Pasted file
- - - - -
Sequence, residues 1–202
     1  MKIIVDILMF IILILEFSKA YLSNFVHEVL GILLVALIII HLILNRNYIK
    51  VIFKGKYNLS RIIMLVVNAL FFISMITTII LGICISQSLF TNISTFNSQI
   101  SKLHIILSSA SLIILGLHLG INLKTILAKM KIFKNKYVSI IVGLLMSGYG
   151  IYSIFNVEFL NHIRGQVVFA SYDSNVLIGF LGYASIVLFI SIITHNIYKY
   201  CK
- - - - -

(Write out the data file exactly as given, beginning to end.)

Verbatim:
Sequence, residues 1–202
     1  MKIIVDILMF IILILEFSKA YLSNFVHEVL GILLVALIII HLILNRNYIK
    51  VIFKGKYNLS RIIMLVVNAL FFISMITTII LGICISQSLF TNISTFNSQI
   101  SKLHIILSSA SLIILGLHLG INLKTILAKM KIFKNKYVSI IVGLLMSGYG
   151  IYSIFNVEFL NHIRGQVVFA SYDSNVLIGF LGYASIVLFI SIITHNIYKY
   201  CK